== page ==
Water has always been a precious commodity in the San Bernardino Valley. In normal conditions, the Valley would be considered a desert. However, because of groundwater and irrigation, agriculture is able to flourish.
In 1910, the Water Conservation Association (WCA) was organized to conserve the water of the Santa Ana River by storing it in the groundwater basin for future use. In 1931, local citizens voted to create the San Bernardino Valley Water Conservation District as a public agency to protect against excessive export of the local surface water by downstream agencies. The WCA was dissolved in the early 1940s and all land and water property was transferred to the District.
The Water Conservation Act of 1931 provided broad authority to exercise a variety of powers necessary to further the District's primary goal of conserving water, such as making contracts, acquiring property through eminent domain, owning and operating recreational facilities, owning and operating hydroelectric plants, and intervening in the actions of other agencies when those actions interfere with the natural flow of streams that would otherwise be conserved for beneficial use. The District is organized under Division 21 of the California Water Code, and regulated by Sections 74000 to 76501.
The District has historically operated water recharge facilities in two areas: the Santa Ana River and Mill Creek. Depending on the amount of rain and snow in the mountains, the District recharges the groundwater basin during most months of the year. Imported water has also been recharged in the District's facilities.
While the District has the tag line "our name is our mission", the formal adopted mission of the District approved in 2001 is shown below:
The mission of the San Bernardino Valley Water Conservation District is to ensure recharge of the Bunker Hill Groundwater Basin in an environmentally and economically responsible way, using local native surface water to the maximum extent practicable. We strive to improve the supply and quality of groundwater, balancing such demands with those of land, mineral, and biological resources.
The water mission is but one of the District's important efforts undertaken by the District. The sections below present more recent history for the District.
The District, Not Consolidated, Emerges More Efficient
In 2009, the nearly 100-year-old district retained the right to remain serving the people of the valley when the Local Agency Formation Committee (LAFCO) did not recommend combining it with the San Bernardino Valley Municipal Water District. During the three-hour long public meeting, District representatives and supporters convinced the LAFCO Board of Directors that the goals and mission of the Water Conservation District were not only different from those of the Municipal Water District, but well worth keeping separate. They were also able to demonstrate that combining the two districts could result in a net loss of revenue and not save tax-payer money or improve efficiency.
Water Conservation District Defeats Merger Efforts Press Enterprise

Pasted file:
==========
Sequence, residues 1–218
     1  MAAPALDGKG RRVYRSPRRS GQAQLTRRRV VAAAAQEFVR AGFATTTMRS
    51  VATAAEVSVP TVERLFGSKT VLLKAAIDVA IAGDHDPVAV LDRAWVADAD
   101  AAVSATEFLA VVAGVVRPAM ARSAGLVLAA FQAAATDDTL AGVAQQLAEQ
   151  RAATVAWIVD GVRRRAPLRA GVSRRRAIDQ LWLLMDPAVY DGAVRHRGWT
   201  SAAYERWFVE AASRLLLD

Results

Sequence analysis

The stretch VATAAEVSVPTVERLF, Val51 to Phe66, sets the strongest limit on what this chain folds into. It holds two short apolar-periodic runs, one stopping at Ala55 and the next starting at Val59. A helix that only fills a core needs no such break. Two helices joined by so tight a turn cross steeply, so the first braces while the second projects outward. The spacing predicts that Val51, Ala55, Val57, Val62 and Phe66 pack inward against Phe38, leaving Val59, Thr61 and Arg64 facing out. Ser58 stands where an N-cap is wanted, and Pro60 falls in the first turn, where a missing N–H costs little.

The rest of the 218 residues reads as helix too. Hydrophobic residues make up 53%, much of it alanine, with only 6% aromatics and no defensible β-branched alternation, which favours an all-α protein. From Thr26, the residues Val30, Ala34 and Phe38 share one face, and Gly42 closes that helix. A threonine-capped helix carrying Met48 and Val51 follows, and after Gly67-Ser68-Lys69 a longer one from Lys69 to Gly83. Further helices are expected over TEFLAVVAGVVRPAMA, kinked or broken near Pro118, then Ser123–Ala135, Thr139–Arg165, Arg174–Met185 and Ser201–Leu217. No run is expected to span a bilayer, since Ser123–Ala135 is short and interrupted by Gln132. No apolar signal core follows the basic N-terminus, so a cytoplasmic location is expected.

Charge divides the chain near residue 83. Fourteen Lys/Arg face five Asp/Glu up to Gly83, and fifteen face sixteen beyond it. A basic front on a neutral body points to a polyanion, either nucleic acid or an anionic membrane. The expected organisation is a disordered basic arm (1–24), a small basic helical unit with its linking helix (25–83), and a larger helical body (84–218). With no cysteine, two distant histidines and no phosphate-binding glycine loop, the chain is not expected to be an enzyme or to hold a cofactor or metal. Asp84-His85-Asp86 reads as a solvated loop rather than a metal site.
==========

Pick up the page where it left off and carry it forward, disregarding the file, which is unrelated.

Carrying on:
LAFCO Votes Down Water Deal Redlands Daily Facts
The LAFCO decision has proven to be a wise one. The Conservation District is participating with Valley District (Muni) in the improvement plans of the Conservation District’s Santa Ana River water collection and spreading grounds based on recommendations of the Optimization Study. These improvements will benefit the entire basin by trapping and spreading larger storm flows rather than letting valuable surface water flow downstream and out of our area. Another joint project is the improvements to the Cuttle Weir that will improve flow to the basins up to nearly 200 acre-feet per day of water to our basin’s groundwater spreading supply.
2010 - 2011 Great Year for Conservation
In 2011, the District was able to recharge more water than in the last 20 years. Approximately 55,000 acre-feet were recharged. This was possible because of the operating agreements and renewed relationships with water agencies in the basin, above average precipitation, and a basin that could hold the water recharged. The District cleaned the basins in advance of the flows and was ready to get this valuable water into the ground for storage. The water recharge is the third highest in the 100 year history of the District. However, despite the historic cuts to the budget, the cost of basin cleaning and maintenance required rate increases to avoid seriously depleting reserves. Despite unanimous support for the increases, 2010 and 2011 were deficit years financially for the District.
2012-2013 - Refining Governance, Stabilizing Finances and Strategic Planning
The District had the great need and the opportunity to stabilize its revenue with producer supported rate increases to fully fund its Ground water Recharge operations as well as changes in mining agreements to stabilize the Land Resources Enterprise.
While these increases were large as a percentage, they did not increase the cost per acre-foot by much. The reductions in District costs and the groundwater charge fully paying the cost of basin recharge allows the District to stabilize and begin to rebuild reserves with one-time revenue and new contract funding. The District completed a Community Strategic Plan by reviewing the 2010 strategic plan and then engaging the communities, as well as water and other partners to review and refine ideas for the strategic plan to fit the services needed. Partner and community suggestions were incorporated and combined with updated planning by the Board of Directors to produce the Approved District Community Strategic Plan.